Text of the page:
Author David Guterson

Author David Guterson: Looking Back, Warily, But with Affection

March 22
Sunday @ 1:00 p.m.

As an adjunct to BPA’s March presentation of SNOW FALLING ON CEDARS, Bainbridge Performing Arts is very pleased to welcome David Guterson for a special pre-show presentation. Twenty years after the first publication of Snow Falling on Cedars, its author reflects back on the influences, ideals, and ambitions that led to its writing and what the book means to him now.

It took Guterson five years to write Snow Falling on Cedars, in part because he was teaching full time at Bainbridge High School, and in part because of the extensive research he did on salmon fishing, strawberry farming and the internment. To describe the anti-Japanese hysteria that prevailed in the 1940's, he steeped himself in about 600 pages of oral histories compiled by elderly internees for the Bainbridge Island Japanese-American Community Association. And while the fictitious San Piedro Island of Snow Falling on Cedars drifts at some distance from Bainbridge -- on a real map of Puget Sound it would lie in the San Juan Islands -- it is populated by some authentic Bainbridge characters. The literary model for the book, however, was more remote -- Harper Lee's To Kill a Mockingbird, the 1960 novel Guterson regularly assigned to his high school English classes.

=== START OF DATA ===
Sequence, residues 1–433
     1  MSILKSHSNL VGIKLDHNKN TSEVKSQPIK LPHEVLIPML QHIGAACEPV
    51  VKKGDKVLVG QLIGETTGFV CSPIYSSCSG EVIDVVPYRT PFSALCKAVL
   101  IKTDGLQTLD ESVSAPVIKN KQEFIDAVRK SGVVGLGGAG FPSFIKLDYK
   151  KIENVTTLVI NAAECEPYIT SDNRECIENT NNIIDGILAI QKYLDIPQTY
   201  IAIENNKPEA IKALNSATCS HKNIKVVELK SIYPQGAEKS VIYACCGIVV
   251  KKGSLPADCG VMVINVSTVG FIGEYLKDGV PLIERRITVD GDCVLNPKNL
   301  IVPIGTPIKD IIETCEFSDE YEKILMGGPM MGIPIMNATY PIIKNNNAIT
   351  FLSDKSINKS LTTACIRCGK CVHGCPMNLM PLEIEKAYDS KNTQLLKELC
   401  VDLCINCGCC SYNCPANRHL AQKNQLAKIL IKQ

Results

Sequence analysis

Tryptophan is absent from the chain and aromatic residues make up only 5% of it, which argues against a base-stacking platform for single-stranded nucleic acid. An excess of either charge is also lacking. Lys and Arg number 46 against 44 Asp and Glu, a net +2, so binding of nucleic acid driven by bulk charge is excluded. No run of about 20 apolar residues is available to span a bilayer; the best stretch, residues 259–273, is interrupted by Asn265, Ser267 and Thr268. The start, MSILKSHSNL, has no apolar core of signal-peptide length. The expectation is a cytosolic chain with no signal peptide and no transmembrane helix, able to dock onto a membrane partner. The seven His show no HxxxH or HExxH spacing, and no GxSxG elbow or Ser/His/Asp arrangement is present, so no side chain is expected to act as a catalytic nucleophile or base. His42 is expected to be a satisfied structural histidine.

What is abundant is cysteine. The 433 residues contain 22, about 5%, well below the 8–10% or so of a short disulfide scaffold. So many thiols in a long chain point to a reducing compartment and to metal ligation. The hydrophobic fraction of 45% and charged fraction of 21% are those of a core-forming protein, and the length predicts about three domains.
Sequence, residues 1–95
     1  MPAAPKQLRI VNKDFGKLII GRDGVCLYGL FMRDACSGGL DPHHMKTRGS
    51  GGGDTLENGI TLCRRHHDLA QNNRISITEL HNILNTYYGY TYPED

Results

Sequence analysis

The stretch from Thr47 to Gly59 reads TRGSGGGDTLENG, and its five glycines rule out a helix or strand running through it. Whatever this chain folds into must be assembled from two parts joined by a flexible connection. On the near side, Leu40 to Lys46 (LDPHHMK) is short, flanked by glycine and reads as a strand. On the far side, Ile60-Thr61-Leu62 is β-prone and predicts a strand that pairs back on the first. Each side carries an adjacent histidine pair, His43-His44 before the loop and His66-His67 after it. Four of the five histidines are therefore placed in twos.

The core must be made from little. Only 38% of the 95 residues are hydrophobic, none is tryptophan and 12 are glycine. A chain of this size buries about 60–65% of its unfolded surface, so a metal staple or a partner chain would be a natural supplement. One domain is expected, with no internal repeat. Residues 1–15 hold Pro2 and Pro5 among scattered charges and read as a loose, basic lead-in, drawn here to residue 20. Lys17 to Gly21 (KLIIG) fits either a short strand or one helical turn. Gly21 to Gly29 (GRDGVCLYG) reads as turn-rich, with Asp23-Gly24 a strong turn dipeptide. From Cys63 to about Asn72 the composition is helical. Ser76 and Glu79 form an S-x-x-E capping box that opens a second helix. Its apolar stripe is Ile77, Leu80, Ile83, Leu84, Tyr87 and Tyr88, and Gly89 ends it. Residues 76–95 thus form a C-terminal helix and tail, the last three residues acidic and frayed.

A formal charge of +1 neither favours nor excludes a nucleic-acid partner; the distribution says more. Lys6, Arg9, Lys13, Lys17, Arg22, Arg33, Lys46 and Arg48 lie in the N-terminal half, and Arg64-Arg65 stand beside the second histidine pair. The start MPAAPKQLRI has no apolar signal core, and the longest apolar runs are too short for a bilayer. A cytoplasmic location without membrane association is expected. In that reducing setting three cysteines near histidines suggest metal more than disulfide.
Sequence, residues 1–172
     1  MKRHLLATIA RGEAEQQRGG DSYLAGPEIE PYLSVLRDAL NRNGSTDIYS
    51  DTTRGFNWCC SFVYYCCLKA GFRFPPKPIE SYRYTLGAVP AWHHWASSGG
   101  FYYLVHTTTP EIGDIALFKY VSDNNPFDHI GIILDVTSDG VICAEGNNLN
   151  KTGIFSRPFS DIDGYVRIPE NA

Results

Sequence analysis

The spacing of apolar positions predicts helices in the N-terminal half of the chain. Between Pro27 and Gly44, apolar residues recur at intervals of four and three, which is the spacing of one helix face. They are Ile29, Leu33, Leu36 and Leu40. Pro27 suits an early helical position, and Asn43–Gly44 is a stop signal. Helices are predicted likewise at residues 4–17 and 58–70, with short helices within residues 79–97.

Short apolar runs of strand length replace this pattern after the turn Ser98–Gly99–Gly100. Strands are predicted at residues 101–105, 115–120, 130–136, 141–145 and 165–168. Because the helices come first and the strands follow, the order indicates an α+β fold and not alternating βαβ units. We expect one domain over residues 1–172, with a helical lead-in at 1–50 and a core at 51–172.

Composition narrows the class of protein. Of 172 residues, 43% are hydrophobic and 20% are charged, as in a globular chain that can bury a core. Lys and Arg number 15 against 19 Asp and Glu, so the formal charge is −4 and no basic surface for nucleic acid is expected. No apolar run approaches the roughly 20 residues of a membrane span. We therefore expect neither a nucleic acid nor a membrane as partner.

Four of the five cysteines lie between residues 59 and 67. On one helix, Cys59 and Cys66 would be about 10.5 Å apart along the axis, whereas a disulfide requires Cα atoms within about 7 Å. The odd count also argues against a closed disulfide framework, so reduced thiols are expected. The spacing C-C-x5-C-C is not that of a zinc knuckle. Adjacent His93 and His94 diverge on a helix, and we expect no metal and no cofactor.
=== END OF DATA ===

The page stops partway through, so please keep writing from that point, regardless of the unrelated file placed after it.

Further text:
Guterson, then 39, received the 1995 PEN/Faulkner Award for Snow Falling on Cedars – a remarkable achievement for a first novel. Even more remarkable was the fact that it went on to be not only a critical but also a commercial success: with over four millions copies sold, it has generated a Hollywood film, a stage play, and countless high school student essays. Ironically, it is his novel that is now showing up in high school curricula – if it hasn’t been banned.

Reading Snow Falling on Cedars twenty years later, Guterson encountered an unexpected mixture of emotions. He will share these, along with reflections on how the book was written, with Bainbridge Islanders on March 22 before the matinee performance of the play.

SNOW FALLING ON CEDARS Community & Educational Outreach
Thanks to the passion and generosity of numerous collaborators on BPA’s Educational and Community Outreach Program, we are pleased to announce a menu of pre-show and post-show events - beginning February 14. Please join us for an openhearted “conversation” surrounding exclusion, intolerance, history, and community.

Photo: Tom Collicott



Sponsor: The Maggi Rogers Fund

SNOW FALLING ON CEDARS is supported in part by a grant from the Washington State Arts Commission and the National Endowment for the Arts.

BPA's outreach programs for SNOW FALLING ON CEDARS are supported in part by a grant from Humanities Washington, a state-wide non-profit organization supported by the National Endowment for the Humanities, the state of Washington, and contributions from individuals and foundations.



Author David Guterson

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